This would have made the Romanian fighter one of the fastest in the world, comparable with the Spitfire Mark V, and only slightly inferior to the FW 190 or P-51 Mustang. Had the IAR company received the 801 radial engines, its IAR-80's might have been capable to take-on late-war designs on nearly equal terms. However, the Germans could not persuaded to sell even one engine, as every single one that came off the assembly line was desperatly needed by the FW 190 program. Buying the license also proved to be impossible, since Germany could not spare one lousy engine, much less the complex machineries required for the production process, so this project had to be abandoned as well, and eventually attempts to further improve the IAR-80 were cancelled and production was to be switched entirely to building Bf-109G6's under license. The IAR-80 officially ceased to be produced on September the 30th, 1944.
Firepower had been a problem early in the war, but once the IAR-80 had been armed with two 20 mm cannons it had become more than adequate to deal with most enemy planes. However, the American B-17's and B-24's proved to be difficult to shoot down, so, on April 1944, an IAR-80C has been armed with Wurfgerate 210 mm anti-aircraft rockets that had been succesfully employed by the Luftwaffe against the large American bomber formations. But this time, results were disappointing : the extra weight caused the airspeed to drop ( and it was already low for a fighter ) so the idea had to be abandoned.
After the war, the IAR-80 remained in service as frontline fighter until 1949, when it was replaced by Soviet Lavocikin La-7's and Yakovlev Yak-9's. A number of planes with less flying hours were converted into trainers by removing one of the front fuel tanks and installing a second seat. This version was designated as IAR-80DC, and it remained in service until late 1952, when the last survivors were replaced by other Soviet-built planes whilst the IAR-80DC's were taken out of service and scrapped.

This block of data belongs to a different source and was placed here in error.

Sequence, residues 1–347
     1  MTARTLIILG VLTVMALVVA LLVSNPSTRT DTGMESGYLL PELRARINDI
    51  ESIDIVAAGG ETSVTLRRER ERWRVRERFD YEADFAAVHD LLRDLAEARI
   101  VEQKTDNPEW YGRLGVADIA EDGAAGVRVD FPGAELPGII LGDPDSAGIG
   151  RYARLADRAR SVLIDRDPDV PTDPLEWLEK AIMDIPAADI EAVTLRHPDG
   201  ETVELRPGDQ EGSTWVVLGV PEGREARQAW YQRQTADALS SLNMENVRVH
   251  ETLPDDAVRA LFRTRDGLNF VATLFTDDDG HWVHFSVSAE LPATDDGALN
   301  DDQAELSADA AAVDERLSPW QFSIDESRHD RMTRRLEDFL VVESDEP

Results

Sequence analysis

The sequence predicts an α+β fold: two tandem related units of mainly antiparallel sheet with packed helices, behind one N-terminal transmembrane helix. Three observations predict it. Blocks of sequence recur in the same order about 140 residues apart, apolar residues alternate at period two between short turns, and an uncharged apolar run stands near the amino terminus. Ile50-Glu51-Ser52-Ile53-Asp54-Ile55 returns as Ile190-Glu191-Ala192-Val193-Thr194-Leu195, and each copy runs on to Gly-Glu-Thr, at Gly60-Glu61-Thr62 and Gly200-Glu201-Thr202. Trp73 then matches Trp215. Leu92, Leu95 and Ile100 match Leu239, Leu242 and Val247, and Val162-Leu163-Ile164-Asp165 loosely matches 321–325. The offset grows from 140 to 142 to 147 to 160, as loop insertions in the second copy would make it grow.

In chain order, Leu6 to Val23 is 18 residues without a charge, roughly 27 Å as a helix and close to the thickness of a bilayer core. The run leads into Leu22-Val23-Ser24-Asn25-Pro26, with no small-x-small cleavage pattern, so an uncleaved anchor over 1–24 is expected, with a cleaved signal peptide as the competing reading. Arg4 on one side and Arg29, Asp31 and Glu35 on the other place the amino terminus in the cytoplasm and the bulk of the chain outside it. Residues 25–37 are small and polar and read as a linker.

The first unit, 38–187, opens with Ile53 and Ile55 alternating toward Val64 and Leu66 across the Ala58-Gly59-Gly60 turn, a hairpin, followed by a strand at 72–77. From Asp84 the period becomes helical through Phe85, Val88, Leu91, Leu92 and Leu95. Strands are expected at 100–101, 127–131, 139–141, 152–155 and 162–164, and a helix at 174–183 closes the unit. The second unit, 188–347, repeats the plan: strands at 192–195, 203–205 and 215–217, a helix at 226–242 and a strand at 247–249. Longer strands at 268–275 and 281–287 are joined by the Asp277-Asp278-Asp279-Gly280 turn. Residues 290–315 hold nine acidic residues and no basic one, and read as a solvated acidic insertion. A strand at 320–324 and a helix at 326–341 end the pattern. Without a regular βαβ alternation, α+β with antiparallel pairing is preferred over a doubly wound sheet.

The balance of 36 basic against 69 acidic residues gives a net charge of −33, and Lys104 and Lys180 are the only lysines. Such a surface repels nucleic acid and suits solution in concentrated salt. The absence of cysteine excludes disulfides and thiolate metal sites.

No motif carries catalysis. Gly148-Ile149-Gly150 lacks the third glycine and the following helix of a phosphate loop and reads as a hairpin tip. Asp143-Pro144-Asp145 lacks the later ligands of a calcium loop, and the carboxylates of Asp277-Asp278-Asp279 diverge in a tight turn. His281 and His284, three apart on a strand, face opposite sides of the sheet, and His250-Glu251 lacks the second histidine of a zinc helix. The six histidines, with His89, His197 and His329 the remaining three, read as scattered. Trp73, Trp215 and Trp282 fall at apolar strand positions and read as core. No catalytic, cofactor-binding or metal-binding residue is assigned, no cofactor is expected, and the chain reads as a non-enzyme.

Conclusions

On the 8th of May 1945, the IAR-80 flew its last combat sortie. From 1939 until late 1943, some 240 IAR-80's and 210 IAR-81's were built, and they fought on all fronts: from Bassarabia to Stalingrad and Crimea, from Romania to Austria and Slovakia, as well as on the home front. Alltogether, it scored ( on all its variants ) some 539 confirmed kills, 90 possible and destroyed 168 enemy planes on the ground, whilst about 220 IAR-80's and 81's were shot down by enemy fighters or flak, or lost in accidents : the final kill ratio ( taking into account only confirmed victories against losses of all reasons ) is 3.21 : 1 in favour of the Romanian fighter. During its history, the IAR-80 fought against all of the major airforces ( excepting the Japanese one ) : it faced the Soviet Airforce in the eastern campaign, the USAF and the RAF on the home front, and the Luftwaffe ( after August 1944 ).

The IAR-80 : an unknown hero

The IAR-80 was a remarcable aircraft when it appeared and one must admit that it performed very well in combat long after it had been outclassed by its oponents. Its only misfortune was that it had an obsolete engine even at the start of the war, and it had to stick to it until the end. Nevertheless, the IAR-80 ( one of the "forgotten heroes" of World War Two) served with distinction right until the last day of the war, and it deserves its place in the aviation history.